Conversely, Calipari is unlikely to hash out a new NBA job on the day of a national title game. He has plenty of detractors, but his focus on this team and eagerness to win a second NCAA title is unquestioned. The guy is a competitor.

[Yahoo Sports Fan Shop: Buy Connecticut Huskies NCAA champs merchandise]

So what's reasonable to conclude is that Chapman is repeating a projection of what he is being told – namely that the Lakers have interest in Calipari when they fire D'Antoni. Then Chapman is being told Calipari would, in turn, have interest in the Lakers.

It's just philosophical at this point, but to Chapman, the deal seems inevitable, just a run of falling dominos. That makes sense. Done deal, even if it isn't.

For their part, the Lakers told the Los Angeles Times there's no such deal and no negotiations with any coach anywhere. Of course, they also still have a coach and a string of games to play, so what else are they going to say?

Meanwhile UK officials expressed disbelief at the report and offered their own hopefulness.

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Kobe Bryant doesn't want to sit through a long rebuilding process. (AP)

"Cal looks great in blue," UK athletics director Mitch Barnhart noted after the game.

Barnhart repeated the sentiment in Kentucky that he doubts Calipari is going anywhere because Cal appreciates how great it is to coach the Wildcats. Big Blue doesn't lack self-esteem.

"When you travel as far as our fan base does…," Barnhart said. "When you look up and see all the blue in the stands … this is a very special fan base and I think he appreciates being the caretaker of our program and being in Kentucky. It's a very, very special place.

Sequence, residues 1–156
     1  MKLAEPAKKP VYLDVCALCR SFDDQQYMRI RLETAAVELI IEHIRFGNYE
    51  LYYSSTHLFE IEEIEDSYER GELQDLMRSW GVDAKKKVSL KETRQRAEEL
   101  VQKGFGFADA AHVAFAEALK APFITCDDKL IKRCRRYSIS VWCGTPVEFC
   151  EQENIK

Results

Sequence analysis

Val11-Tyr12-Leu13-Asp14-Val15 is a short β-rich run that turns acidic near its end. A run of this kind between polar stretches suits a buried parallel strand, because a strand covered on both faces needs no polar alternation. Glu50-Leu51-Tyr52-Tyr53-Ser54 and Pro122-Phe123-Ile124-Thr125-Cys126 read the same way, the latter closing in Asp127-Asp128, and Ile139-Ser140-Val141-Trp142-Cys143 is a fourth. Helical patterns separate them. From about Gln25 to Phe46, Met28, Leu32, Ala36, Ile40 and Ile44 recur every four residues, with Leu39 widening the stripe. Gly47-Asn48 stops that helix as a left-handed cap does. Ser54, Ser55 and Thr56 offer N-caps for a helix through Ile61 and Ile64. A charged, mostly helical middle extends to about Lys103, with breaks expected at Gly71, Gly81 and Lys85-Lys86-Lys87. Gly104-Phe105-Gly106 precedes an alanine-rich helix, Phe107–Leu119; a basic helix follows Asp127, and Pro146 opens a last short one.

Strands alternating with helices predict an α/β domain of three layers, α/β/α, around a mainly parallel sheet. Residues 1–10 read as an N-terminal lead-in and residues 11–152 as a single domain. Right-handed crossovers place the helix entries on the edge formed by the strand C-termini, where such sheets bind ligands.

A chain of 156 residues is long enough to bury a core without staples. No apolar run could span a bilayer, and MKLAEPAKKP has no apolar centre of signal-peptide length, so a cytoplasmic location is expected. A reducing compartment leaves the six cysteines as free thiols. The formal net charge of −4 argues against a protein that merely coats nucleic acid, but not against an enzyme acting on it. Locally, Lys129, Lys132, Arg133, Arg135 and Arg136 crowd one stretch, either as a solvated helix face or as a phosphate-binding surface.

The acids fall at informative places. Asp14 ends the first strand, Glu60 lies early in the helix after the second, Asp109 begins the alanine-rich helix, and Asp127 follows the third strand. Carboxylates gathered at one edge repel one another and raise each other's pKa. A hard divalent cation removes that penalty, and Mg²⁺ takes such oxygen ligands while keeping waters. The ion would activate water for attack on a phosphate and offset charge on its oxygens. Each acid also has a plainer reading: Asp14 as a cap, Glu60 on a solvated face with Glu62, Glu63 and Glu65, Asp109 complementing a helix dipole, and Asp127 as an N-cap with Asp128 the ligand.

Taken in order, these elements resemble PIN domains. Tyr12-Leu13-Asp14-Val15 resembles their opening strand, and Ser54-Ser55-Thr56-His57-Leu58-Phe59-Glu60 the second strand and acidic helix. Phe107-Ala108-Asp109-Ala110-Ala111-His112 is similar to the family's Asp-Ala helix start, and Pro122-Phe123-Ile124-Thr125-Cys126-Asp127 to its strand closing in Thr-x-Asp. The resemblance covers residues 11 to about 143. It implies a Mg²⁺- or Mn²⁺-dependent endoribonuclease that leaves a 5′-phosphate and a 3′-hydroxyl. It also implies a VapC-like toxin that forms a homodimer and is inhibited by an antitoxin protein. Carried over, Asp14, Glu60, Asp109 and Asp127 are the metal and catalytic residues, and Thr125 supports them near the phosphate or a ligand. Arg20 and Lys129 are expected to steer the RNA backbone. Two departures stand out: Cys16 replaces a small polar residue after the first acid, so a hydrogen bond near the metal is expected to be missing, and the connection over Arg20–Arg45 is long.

"Cal loves Kentucky. I've been in this long enough, nothing fazes me with [these reports]. You live long enough day to day with people – I've been with Cal for five years now – I think I know Cal fairly well. I think if there was anything I need to be concerned about, he and I [would] have had conversations."

All well and good, except these are the Lakers, one of the most storied franchises in all of sports.

Like UK, they routinely win titles. Like UK, they have all the recruiting advantages. Like UK, they have a massive fan base, only in this case a far bigger one and on a global scale. They are also the top attraction in the nation's second-biggest market, not a state with three million in population. And this is the NBA, the ultimate basketball level.

Calipari coached the New Jersey Nets in the late 1990s and went 72-112 in just more than two years, doing a better job than the record might indicate.

He might not exhibit the late-game coaching skill of top NBA guys, but he also may not feel that is possible under the current set-up. He nearly won the national title Monday with five freshman starters. Advanced basketball just isn't possible in such a short period with such a young team.

His ability to connect with players, motivate them and develop them in practice is clear. Is that enough for the Lakers?

Time will tell what's true or not here, but overreacting one way or the other at this point isn't advised.

Rex Chapman's claim this is a done deal doesn't seem plausible. It's just as wrong to blindly dismiss the possibility because Kentucky is Kentucky and nothing else can possibly compare.

If the Los Angeles Lakers actually have any interest at all, John Calipari would be a fool not to at least listen.

And one thing that everyone can agree on is that when it comes to climbing the professional ladder, John Calipari is not and never has been a fool.